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[Low ileorectal anastomosis in the surgery of ulcerative rectocolitis].
Minerva Chir. 1997 Apr; 52(4):337-45.MC

Abstract

The authors report their experience of 23 patients with ulcerative colitis treated with surgery from 1991 to 1994. At admission 8 patients had a high-grade illness, 10 patients had a middle-grade illness, 5 patients had a toxic megacolon. All the patients were treated with systemic medical management (mesalazine + methylprednisolone) and topical medical management with rectal steroid (methylprednisolone) and rectal mesalazine by enema, and with nutritional support (Total Parenteral Nutrition). The 5 patients with toxic megacolon, after 48 hours of unsuccessful medical management, underwent surgery with deferred urgency; the other 18 patients underwent surgery after one-four months. The authors prefer the ileorectal anastomosis (IRA), since the rectal lesions are more susceptible to topical therapy. A single-stage IRA was performed in 17 patients. A sigmoid resection has been employed in the first stage in the 18th patient with a local development of the disease in the sigma; a following relapse of the lesions required a total colectomy with a low ileorectal anastomosis. A first-stage subtotal colectomy with ileostomy and Hartmann closure of the rectum with low ileorectal anastomosis at a later date was performed in the 5 patients with toxic megacolon. One of these, 18 years old, died after a heart failure. After surgery, as soon as the patients start moving their bowels all of these had again a systemic therapy with mesalazine for a short period and after they had a topical therapy with mesalazine + methylprednisolone by enema, for a long period. The average postoperative period of admission was 16.3 days. The functional results have been encouraging with an average of 1.6 bowel movements daily and an average of 0.4 nocturnal bowel movements. All the patients had a normal anal sphincter function with an acceptable stool frequency. In male patients there no urinary or sexual defects. In one case of these, there was a low grade of dysplasia, revealed by endoscopic biopsy. The authors conclude that today surgical treatment of ulcerative colitis is not well established.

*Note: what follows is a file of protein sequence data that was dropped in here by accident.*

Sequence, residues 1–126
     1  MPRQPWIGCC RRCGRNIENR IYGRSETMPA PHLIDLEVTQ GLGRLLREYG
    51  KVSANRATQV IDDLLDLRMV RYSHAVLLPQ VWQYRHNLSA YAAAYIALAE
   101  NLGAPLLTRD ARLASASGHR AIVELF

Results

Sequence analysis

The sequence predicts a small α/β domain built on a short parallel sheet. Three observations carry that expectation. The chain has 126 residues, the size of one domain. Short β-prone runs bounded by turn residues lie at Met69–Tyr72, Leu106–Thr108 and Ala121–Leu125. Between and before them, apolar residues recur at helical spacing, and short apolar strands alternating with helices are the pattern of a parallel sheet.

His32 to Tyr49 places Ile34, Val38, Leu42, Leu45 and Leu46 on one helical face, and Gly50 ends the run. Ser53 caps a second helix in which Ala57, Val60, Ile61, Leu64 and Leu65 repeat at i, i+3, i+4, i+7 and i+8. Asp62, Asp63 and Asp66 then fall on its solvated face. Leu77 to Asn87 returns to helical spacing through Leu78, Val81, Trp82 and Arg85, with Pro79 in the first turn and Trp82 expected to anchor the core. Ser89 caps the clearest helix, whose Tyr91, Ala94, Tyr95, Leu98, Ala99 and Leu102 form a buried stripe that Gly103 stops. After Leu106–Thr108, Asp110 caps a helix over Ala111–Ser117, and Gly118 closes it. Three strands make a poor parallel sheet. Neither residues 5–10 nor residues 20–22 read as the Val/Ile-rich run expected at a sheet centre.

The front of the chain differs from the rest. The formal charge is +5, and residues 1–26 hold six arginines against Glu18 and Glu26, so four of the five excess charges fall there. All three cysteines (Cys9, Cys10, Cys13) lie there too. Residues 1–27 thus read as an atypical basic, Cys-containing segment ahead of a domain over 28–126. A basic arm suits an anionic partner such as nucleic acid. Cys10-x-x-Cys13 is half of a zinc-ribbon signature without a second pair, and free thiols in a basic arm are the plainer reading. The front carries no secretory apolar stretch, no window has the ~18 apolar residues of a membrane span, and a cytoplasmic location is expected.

Authors+Show Affiliations

Istituto di I Clinica Chirurgica Generale e Terapia Chirurgica, Università degli Studi, Catania.No affiliation info availableNo affiliation info availableNo affiliation info availableNo affiliation info availableNo affiliation info availableNo affiliation info availableNo affiliation info available

Pub Type(s)

English Abstract
Journal Article

Language

ita

PubMed ID

9265115

Citation

Cavallaro, V, et al. "[Low Ileorectal Anastomosis in the Surgery of Ulcerative Rectocolitis]." Minerva Chirurgica, vol. 52, no. 4, 1997, pp. 337-45.
Cavallaro V, Bonaccorso R, Catania V, et al. [Low ileorectal anastomosis in the surgery of ulcerative rectocolitis]. Minerva Chir. 1997;52(4):337-45.